Wednesday, 7 December 2011

Who's work is it anyway? (and who cares?)




So if you are not part of the (physical)making process,who's work is it?

Apparently there was some discussion at the Manly Gallery opening last week vis-a-vis the provinence of works designed by an artist (craftsperson,designer,designer-maker, take your pick) but fabricated by someone or something else,Whether it is a question of acknowledging the other parties involved in the process or asserting that unless the artist is at least responsible for a certain percentage of the making, I'm not sure.

It's a hoary old argument that has been going on since the Greek pot painters were elevated above the throwers.Even in the 'ART' world as late as 1966 the idea of making being outsourced was questioned.(Sorry, it's Wiki)


"While sculptor Donald Judd executed early works himself (in collaboration with his father, Roy Judd), in 1964 he began delegating fabrication to professional artisans and manufacturers based on his drawings.

The works that Judd had fabricated inhabited a space not then comfortably classifiable as either painting or sculpture and in fact he refused to call them sculpture, pointing out that they were not sculpted but made by small fabricators using industrial processes. That the categorical identity of such objects was itself in question, and that they avoided easy association with well-worn and over-familiar conventions, was a part of their value for Judd. He displayed two pieces in the seminal 1966 exhibit, "Primary Structures" at the Jewish Museum in New York where, during a panel discussion of the work, he challenged Mark di Suvero's assertion that real artists make their own art. He replied that methods should not matter as long as the results create art; a ground -breaking concept in the accepted creation process."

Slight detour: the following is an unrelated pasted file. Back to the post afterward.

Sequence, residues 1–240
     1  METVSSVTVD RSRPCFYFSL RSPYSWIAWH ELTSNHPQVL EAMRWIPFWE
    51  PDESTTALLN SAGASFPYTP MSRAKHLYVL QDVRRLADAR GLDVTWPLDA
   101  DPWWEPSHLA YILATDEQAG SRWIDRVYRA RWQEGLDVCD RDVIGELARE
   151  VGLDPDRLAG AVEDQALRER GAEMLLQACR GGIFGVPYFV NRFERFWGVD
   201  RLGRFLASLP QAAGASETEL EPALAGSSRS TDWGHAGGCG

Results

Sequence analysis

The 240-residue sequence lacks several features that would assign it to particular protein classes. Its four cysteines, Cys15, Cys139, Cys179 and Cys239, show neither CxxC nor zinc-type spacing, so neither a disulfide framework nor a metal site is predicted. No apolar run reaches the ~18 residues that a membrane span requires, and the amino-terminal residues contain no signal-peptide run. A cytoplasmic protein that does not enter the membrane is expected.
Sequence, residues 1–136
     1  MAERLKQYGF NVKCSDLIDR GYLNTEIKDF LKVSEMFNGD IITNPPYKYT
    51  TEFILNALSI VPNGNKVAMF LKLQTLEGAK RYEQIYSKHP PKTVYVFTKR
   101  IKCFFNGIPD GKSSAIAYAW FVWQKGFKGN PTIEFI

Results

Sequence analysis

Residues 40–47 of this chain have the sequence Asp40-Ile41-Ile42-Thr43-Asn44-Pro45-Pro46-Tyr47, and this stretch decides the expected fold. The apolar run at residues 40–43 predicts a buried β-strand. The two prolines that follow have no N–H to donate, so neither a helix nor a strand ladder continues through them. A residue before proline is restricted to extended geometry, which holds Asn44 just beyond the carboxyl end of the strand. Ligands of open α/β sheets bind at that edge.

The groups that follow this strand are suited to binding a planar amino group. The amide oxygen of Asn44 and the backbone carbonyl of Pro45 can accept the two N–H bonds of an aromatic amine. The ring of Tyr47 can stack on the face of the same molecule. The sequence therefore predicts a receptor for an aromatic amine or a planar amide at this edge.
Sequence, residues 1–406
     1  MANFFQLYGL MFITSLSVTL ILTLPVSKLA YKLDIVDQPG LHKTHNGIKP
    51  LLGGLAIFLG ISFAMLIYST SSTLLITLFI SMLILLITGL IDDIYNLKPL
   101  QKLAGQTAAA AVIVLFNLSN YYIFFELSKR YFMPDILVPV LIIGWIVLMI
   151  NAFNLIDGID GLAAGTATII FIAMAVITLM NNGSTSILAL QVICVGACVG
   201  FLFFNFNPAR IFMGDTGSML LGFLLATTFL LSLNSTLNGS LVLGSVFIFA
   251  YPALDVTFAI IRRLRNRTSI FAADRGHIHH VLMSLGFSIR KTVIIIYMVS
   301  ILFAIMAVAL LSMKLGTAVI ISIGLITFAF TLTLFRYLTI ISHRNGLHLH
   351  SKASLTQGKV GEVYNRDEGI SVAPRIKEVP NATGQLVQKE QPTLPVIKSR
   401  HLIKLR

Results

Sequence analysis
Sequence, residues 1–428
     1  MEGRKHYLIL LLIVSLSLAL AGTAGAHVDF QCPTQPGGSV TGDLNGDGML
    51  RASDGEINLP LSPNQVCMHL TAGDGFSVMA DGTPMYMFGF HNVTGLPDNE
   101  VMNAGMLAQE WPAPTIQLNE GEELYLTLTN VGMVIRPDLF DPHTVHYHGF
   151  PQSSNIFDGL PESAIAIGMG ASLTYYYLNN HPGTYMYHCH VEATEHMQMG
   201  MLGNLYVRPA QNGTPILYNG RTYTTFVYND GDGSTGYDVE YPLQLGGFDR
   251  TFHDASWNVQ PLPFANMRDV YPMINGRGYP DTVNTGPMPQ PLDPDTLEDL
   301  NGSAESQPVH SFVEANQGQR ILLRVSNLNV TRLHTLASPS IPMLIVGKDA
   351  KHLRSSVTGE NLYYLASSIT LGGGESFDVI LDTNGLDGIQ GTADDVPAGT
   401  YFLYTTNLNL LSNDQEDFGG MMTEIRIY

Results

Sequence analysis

The fact that this argument is still around in the craft arena raises interesting questions about what we used to call the art/craft debate.

3 comments:

Kirk said...

And of course there's the same debate in that other craft, surfboard manufacture. If shaper X's boards are high tolerance machine shaped blanks that some kid scrapes the crust from so X can come along and spend a few minutes tidying the board before signing it and packing it off to a glasser, is he really a shaper? How different is that to a chinese pop-out? (I'd be willing to bet 90% of that shaping machine was made in China) Does it even matter? Not here anyway- there's been no bloody waves for weeks.

smartcat said...

As you said, this conversation has been going on for years. Who cares? is a good point. If you think of architecture, it's the architect not (in general) the builder we attribute a building, landscaper etc. to. I think the creativity is in the development of the idea. That's what I think today; everything is subject to change.

Kevin Murray said...

But the idea is not enough on its own. Without the skill in realising it, we are left with a conceptual gesture (turn the lights out). We don't have the same issue in the film industry, where directors are accorded equal billing with their actors. Why should we be happy with a system just because it is familiar?